New York law requires that at the time the foreclosure is commenced the entity foreclosing must own the note.1 New York law also requires that the plaintiff must file its lis pendens twenty days before the entry of its judgment of foreclosure and sale.2 Another requirement is that all mortgages (and assignments of mortgages) being foreclosed must be recorded prior to title to the property being transferred by the referee post-sale.3 This means that besides the plaintiff having to own the note prior to the commencement of the case, the mortgage has to be recorded in that party’s name before the plaintiff can enter a judgment of foreclosure and before the referee can transfer title.

These rules make perfect sense. The party cutting off the fee owner’s right of redemption and all entities with subordinate interests in the property must be identified with constructive notice to the world via the recording statutes. If this were not the case then anyone could foreclose on anyone. Foreclosure defendants could not defend their rights in real property against the proper parties.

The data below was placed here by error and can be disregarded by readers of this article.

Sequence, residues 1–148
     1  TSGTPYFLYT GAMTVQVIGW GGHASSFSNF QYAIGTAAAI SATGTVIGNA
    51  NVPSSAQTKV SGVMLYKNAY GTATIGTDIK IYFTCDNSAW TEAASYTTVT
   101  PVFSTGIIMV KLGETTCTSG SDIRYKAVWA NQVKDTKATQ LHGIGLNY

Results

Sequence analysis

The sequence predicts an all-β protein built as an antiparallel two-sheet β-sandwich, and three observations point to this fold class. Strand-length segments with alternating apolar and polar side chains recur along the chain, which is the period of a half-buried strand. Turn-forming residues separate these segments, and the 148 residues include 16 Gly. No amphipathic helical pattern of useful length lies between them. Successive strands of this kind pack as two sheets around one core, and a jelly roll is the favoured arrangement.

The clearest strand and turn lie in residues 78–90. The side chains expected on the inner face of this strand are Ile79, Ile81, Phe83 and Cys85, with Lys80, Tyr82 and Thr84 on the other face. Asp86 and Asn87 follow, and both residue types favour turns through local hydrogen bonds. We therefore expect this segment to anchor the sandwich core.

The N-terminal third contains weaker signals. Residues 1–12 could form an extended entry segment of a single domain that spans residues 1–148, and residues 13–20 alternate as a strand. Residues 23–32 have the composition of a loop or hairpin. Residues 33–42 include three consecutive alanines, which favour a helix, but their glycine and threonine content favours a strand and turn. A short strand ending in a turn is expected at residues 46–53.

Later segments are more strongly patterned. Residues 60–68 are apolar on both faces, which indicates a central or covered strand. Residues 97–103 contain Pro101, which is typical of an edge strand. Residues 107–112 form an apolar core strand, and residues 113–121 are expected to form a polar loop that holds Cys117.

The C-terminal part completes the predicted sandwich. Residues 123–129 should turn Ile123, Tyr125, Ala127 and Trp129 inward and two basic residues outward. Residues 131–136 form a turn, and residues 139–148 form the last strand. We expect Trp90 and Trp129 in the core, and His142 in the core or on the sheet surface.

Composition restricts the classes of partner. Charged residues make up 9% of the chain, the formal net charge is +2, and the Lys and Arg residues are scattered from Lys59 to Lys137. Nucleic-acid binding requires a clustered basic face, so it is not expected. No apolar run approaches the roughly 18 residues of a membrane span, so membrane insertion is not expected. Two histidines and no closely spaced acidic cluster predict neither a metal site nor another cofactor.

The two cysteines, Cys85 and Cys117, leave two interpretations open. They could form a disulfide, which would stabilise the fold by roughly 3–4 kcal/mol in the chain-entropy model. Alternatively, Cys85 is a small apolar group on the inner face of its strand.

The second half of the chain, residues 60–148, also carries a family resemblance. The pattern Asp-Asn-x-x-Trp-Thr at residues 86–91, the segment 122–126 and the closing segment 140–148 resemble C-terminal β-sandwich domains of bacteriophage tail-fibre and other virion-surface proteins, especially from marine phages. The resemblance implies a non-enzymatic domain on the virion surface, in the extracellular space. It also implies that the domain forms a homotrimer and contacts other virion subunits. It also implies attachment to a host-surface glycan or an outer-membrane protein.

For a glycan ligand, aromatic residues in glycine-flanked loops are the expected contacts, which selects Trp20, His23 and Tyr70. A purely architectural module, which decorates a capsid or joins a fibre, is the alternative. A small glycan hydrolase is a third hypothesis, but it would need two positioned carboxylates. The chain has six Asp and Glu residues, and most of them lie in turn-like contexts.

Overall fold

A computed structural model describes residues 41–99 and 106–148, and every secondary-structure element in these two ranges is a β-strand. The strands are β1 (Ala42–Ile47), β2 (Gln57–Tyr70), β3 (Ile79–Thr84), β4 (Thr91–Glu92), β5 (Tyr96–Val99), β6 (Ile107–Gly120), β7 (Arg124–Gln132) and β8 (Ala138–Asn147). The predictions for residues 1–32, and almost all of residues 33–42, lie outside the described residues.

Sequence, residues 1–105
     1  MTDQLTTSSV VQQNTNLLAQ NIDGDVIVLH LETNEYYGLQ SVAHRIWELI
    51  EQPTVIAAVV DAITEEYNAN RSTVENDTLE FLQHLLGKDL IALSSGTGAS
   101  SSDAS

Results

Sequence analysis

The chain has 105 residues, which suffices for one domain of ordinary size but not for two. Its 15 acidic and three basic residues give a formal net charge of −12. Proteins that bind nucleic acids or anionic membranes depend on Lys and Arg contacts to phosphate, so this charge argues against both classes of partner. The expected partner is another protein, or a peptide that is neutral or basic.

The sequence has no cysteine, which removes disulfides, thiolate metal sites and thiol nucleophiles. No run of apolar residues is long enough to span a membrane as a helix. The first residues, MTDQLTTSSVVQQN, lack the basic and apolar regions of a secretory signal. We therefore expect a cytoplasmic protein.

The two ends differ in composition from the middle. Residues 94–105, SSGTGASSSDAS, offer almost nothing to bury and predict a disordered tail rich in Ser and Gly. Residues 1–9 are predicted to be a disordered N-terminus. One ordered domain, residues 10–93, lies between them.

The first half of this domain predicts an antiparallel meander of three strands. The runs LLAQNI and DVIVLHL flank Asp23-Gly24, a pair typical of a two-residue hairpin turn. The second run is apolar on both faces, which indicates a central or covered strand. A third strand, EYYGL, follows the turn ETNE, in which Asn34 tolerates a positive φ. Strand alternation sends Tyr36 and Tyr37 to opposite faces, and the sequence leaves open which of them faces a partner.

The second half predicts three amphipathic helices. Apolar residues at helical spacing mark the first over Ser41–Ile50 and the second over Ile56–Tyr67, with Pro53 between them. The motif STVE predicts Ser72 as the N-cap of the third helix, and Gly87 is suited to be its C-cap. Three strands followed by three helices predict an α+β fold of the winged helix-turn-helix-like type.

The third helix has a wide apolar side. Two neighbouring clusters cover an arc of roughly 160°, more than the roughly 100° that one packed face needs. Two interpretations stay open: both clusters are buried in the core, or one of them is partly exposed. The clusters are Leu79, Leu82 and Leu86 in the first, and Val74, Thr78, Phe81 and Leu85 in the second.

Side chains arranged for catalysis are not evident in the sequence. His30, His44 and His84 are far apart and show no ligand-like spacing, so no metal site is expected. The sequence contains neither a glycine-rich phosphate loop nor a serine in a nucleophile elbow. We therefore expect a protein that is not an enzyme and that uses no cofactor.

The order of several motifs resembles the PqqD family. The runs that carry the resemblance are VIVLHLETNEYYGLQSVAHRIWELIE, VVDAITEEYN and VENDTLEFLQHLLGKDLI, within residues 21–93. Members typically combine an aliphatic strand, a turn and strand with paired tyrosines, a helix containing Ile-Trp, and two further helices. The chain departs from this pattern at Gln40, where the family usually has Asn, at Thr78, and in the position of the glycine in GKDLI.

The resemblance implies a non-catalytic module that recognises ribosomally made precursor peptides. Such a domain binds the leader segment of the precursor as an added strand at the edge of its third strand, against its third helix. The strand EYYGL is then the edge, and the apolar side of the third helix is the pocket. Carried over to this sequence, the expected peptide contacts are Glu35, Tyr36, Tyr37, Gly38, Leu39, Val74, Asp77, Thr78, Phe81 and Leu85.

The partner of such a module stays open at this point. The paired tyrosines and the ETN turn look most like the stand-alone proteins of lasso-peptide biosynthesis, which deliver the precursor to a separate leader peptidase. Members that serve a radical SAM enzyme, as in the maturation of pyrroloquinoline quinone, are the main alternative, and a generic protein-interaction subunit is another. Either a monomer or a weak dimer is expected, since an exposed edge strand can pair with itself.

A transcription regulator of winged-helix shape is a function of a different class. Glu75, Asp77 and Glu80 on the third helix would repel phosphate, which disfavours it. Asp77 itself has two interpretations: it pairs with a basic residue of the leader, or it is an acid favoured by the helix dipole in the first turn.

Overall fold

“Who owns the note?” This question is asked most often during the modification process prior to the commencement of a foreclosure. Once the foreclosure is commenced defendants can see the plaintiff in the caption and automatically assume the entity named there owns the note. Too often the named plaintiff does not, cannot and has not ever owned the promissory note. In other words, the plaintiff has no standing.

One would think that a careful examination of recorded assignments at the county clerk’s office would reveal the last mortgagee of record and presumably that